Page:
The goods may be subject to customs and other duties in the country of import. usually zero rated. It is necessary to check documentation required in the customers country. A commercial invoice issuing documents such as an airway bill may be required. A certificate of origin may be required.


There are few licenses required in international trade. The vast majority of goods do not require a licence. Certain types of goods require export and / or import licences. The requirement is based on the nature of the goods (typically sensitive or dangerous goods) and their destination.

It is generally permitted to import and export from and to other EU states without restriction. Even within the EU, some limited categories of goods require export licences or are subject to regulation.

Consent may be required to exports for defence and security reasons, such as in the case of military equipment or goods which could be used for making weapons.  There are controls on the export of cultural and heritage items.

Controls exist for different policy reasons. Licence requirements may apply because the export is to a particular third country which is subject to controls or sanctions.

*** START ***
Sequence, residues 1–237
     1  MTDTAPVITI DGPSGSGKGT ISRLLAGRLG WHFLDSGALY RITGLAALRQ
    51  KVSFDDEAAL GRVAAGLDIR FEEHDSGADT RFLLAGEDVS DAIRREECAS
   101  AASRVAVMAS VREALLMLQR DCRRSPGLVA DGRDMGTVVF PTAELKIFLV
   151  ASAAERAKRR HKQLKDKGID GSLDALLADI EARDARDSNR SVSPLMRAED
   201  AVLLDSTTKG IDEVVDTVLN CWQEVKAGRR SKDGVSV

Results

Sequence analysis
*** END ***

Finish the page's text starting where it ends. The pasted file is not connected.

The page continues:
Food, plants and products of animal origin are highly regulated for public health reasons. The transportation of live animals is regulated for animal welfare reasons. Products of animal origin from within the EU must usually be accompanied by a Health Certificate.  Products imported from outside the EU must be inspected at an approved border inspection post.


An exporter must be familiar with VAT which is administered by the Revenue Commissioners.   Exports to other VAT registered EU traders are usually zero rated. The EU importer must self-account for VAT.

Exports to non-VAT registered traders and consumers are subject to Irish VAT. Where there is a high level of exports within the European Union it may be necessary to complete a more detailed VAT return.    In the case  of distance sales, it may be necessary to register for VAT in another EU State.

Exports outside the EU will be generally zero rated for VAT. There are exceptions.   Details of export sales must be entered in the trader’s VAT returns.

VAT is chargeable on imports from outside the EU. A trader may be must account for VAT on imported goods. The particulars must be entered on the VAT return. If he is entitled to deduct VAT on the purchase as an input, there is no immediate cashflow implication.